The Schellman Blog
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Introduction — by Lindsey Ullian, Threat Stack Compliance Manager Colorado has rightfully gained a reputation as one of the most socially progressive states as it was one of the first to adapt a regulated adult use marijuana marketplace. Now, Colorado is making news headlines again as it has adopted one of the nation’s strictest consumer privacy laws. The Colorado Consumer Protection Act (CCPA) is the result of a continued effort to protect residents’ personal data. Colorado’s law follows in theme with at least thirty-one other states that have heightened security surrounding consumers’ personal data and stands out as one of only twelve states that have imposed broader data security requirements. Any company or public agency storing a Colorado resident’s personal data will now need a data-protection policy, an efficient breach notification system, and the capability to destroy the data when it is no longer needed. Whether you are a small company of one person or a Fortune 500 company, as long as you have customers in Colorado, you must comply with this new law. And whether or not your business is located in Colorado is irrelevant — what is key is whether you have customers located within the state. For more details, take a look at the following article written by Kevin Kish, Privacy Technical Lead at Schellman. In this article, Kevin highlights key takeaways from this law, as well as areas in which this law differentiates itself as one of the nation’s strictest data protection laws.
On March 6, Mark Zuckerberg made a commitment to spending the next several years reorienting Facebook’s apps toward encryption and privacy. Can we take him at his word? Find out what digital marketing and data privacy experts think.
Introduction — by Lindsey Ullian, Threat Stack Compliance Manager
For those not tracking the evolution of California’s Consumer Privacy Act (CaCPA), we’ve got some updates for you! While most are just familiarizing themselves with CaCPA’s original requirements, a new senate bill (SB-561) was just introduced last week by two California Senators with intention to further strengthen the rights of Californians. And while changes to the bill are already hardly considered uncommon, the amendments could raise the stakes for organizations who are already concerned with the Acts expectations.
Now also known as the growing Internet of Things (IoT), connected devices are becoming more and more integrated into our everyday lives, continuously collecting our personal and non-personal data to make life more convenient. As such, manufacturers are constantly searching for new ways to connect devices, expanding the IoT to include home security systems, healthcare devices, smart locks, and children’s toys to meet both expectation and demand. Though all of this indicates positive technological innovation and progress, one substantial problem remains – data security and privacy.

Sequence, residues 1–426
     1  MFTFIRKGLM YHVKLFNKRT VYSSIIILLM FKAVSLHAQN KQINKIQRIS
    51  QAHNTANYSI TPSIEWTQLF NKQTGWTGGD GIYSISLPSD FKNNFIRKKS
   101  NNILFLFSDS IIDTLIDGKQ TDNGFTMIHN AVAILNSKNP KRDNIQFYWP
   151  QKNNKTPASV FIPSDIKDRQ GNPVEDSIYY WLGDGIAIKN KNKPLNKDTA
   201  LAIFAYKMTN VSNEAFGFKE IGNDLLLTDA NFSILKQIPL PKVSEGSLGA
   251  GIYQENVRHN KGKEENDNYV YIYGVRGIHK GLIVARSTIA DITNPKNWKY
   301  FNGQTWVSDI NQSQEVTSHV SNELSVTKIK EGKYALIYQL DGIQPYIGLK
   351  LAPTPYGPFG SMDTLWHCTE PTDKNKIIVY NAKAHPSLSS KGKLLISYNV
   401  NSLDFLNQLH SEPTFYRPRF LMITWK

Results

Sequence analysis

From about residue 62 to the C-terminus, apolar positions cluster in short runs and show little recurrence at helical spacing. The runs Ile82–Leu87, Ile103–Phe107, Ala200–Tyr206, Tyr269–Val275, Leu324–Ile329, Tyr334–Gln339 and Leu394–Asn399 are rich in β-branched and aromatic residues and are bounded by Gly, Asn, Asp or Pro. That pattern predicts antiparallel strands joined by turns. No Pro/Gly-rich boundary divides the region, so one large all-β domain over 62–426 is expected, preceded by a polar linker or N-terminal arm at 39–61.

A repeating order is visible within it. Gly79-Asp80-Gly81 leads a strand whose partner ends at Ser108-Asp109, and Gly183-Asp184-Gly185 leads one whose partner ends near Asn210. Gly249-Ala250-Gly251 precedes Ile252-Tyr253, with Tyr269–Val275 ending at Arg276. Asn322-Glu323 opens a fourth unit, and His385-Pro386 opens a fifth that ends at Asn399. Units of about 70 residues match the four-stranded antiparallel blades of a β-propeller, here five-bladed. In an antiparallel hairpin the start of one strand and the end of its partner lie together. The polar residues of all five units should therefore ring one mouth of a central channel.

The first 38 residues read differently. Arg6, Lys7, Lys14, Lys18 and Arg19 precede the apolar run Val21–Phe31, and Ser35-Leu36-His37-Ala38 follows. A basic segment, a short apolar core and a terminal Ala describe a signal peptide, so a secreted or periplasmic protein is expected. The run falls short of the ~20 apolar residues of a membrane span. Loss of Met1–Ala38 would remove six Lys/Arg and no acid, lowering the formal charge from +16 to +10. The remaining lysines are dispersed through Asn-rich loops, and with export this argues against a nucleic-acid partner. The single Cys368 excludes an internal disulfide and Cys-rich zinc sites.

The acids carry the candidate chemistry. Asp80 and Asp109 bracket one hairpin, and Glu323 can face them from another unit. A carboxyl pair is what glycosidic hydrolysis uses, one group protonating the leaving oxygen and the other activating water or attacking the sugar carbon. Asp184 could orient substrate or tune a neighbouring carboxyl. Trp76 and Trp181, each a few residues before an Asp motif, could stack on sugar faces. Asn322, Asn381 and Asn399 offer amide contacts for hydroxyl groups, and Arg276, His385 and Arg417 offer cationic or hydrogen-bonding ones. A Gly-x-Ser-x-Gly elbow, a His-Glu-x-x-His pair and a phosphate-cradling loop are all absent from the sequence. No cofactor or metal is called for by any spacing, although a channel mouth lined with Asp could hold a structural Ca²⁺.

Organizations across the globe are making their way back to the ‘war room’ to analyze their applicability against one of the most comprehensive data privacy laws sweeping the US, the California Consumer Privacy Act of 2018 (“CaCPA”). The CaCPA, approved on June 28th, 2018, was designed to give consumers (i.e. Californians) control over the use, including the sale, of their personal information. Conceptually, having similar characteristics to the European Union’s data protection regulation, including its ability to be enforced on a global platform.
Article originally published by TheStreet
“Up to 4 % of an undertaking’s global worldwide annual turnover for the preceding fiscal year” This is arguably the single most powerful (and certainly the most frightening) statement from the GDPR. The heavy consequences of noncompliance with the recently enacted regulation was most likely the catalyst that propelled many organizations’ readiness review for GDPR. At a high level, one may assume that you can compute your risk exposure simply by multiplying (.04 x Gross Annual Revenue). But it is not always that easy! This formula applies to organizations that are part of a single “undertaking” as defined by the regulation. For organizations that are not considered a single undertaking, the total exposure may be more difficult to calculate since the annual revenue totals may be part of a larger group of enterprises. This aspect of GDPR raises a number of critical questions, including the following: What is an “undertaking”? How do I know whether I am a single undertaking? If I am not a single undertaking, how do I compute my potential risk of noncompliance? Is a fine inevitable, or could I receive a lesser penalty? Read the full article on www.threatstack.com